Delirium Screening: From Research to Point of Care


Principal Investigator:
Affiliation: Thomas Jefferson University
Country: USA
Abstract: DESCRIPTION (PROVIDED BY APPLICANT): Hospital-acquired delirium occurs in more than 50% of postoperative older adults and is costly, in terms of dollars and adverse outcomes, including increased morbidity and mortality. In addition, delirium is under-diagnosed and not recognized by nurses up to 85 percent of the time, therefore, interventions are needed at the point of care to assist nurses in recognizing delirium. The goal of screening for delirium is to enable nurses to identify delirium early and intervene with evidence-based care strategies to enhance patient safety and minimize adverse events including falls, restraint use, pressure ulcers, and urinary tract infection. The health care costs associated with delirium are considerable. In the last decade, the estimated annual inpatient hospital costs due to delirium alone and its complications have doubled, from $4 billion to $8 billion. Costs for home care, rehabilitation, and nursing home care for patients with delirium are incurred beyond the acute care costs. This study will employ a pre-post design with older adult patients undergoing elective hip and knee surgery The study's aims are to: 1) establish the feasibility of incorporating the Confusion Assessment Method (CAM), screening tool for delirium, with score alert system into a hospital-based electronic medical record and evaluate the facilitators and barriers to full integration; 2) assess the effect of screening with the Confusion Assessment Method (CAM) on nurses' ability to recognize and identify incident delirium and severity of delirium; 3) determine the effect of screening with the Confusion Assessment Method (CAM) on the number of evidence-based management strategies implemented by nurses; and 4) determine the effect of screening with the Confusion Assessment Method on clinically recognized adverse events including falls, pressure ulcers, urinary tract infections, restraint use in postoperative older adults undergoing hip and knee surgery. The proposed study is consistent with AHRQ's broad based goal "enhancing quality and safety by reducing risk of harm from health care services through promoting the delivery of appropriate care that achieves the best quality outcomes" and addresses one of AHRQ's current priority areas "translating research into practice by testing strategies for adoption, implementation, and routinization of evidence-based clinical and organization intervention." This research is consistent with Healthy People 2010 Goal 1 to increase life expectancy and quality of life for older adults through focusing on mental health and mental disorders. A public health commitment to quality of care and improving outcomes in this known vulnerable population holds the potential to reduce immediate adverse events and long-term morbidity, and mortality, as well as reduce health care resource consumption in older adults who experience an episode of postoperative delirium.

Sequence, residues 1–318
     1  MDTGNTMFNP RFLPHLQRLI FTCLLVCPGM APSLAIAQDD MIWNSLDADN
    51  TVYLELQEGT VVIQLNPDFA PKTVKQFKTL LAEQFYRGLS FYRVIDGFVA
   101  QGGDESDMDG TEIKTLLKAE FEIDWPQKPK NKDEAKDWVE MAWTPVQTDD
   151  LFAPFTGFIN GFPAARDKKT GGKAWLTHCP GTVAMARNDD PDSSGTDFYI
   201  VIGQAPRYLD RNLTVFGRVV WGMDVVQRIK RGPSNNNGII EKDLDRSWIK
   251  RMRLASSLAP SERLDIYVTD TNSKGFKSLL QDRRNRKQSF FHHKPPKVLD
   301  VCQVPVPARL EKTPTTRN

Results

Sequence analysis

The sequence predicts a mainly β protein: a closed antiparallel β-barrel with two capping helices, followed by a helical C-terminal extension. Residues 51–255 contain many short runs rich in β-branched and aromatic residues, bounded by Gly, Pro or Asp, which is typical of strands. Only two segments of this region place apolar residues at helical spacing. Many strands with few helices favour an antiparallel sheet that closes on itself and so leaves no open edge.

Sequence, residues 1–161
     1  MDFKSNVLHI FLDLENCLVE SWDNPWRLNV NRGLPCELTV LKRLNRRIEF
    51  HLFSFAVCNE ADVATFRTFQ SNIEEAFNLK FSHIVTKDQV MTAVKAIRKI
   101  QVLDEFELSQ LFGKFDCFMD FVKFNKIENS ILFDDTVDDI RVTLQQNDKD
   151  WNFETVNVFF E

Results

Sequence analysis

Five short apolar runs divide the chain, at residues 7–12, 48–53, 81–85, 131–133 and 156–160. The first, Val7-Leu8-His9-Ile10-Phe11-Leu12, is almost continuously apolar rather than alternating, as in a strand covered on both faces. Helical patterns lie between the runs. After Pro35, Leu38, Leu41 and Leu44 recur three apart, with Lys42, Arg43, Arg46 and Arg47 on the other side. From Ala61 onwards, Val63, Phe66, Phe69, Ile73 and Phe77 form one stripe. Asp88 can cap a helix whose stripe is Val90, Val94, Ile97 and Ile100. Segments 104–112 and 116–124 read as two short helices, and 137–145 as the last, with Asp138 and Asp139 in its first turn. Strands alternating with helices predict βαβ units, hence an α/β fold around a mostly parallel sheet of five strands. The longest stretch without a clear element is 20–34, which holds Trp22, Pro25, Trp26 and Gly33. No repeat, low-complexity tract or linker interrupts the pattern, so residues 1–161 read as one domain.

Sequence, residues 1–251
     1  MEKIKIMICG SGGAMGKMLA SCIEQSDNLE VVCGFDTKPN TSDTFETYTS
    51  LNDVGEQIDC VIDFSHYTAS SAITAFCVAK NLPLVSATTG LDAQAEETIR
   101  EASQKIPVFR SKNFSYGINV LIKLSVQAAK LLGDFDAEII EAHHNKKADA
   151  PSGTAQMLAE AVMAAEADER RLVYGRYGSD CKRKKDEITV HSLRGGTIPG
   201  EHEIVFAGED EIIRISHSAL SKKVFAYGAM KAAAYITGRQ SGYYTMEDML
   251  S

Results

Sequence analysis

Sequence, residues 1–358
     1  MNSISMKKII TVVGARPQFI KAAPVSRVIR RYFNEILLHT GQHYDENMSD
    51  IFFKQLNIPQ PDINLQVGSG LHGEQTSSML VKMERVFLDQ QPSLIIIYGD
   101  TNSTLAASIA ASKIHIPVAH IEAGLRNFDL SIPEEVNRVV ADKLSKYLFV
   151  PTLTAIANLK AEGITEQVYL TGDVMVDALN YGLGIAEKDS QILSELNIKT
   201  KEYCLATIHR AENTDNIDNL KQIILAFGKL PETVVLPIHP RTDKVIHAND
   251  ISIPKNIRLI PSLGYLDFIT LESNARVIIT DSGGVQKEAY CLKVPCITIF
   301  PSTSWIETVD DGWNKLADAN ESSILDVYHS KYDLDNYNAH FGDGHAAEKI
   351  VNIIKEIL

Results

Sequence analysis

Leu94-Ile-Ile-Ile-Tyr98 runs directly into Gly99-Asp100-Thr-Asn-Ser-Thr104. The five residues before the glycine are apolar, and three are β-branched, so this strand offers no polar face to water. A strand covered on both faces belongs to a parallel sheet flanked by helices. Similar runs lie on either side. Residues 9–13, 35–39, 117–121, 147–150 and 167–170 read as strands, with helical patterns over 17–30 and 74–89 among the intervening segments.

Funding Period: 2007-08-01 - 2009-07-31
more information: NIH RePORT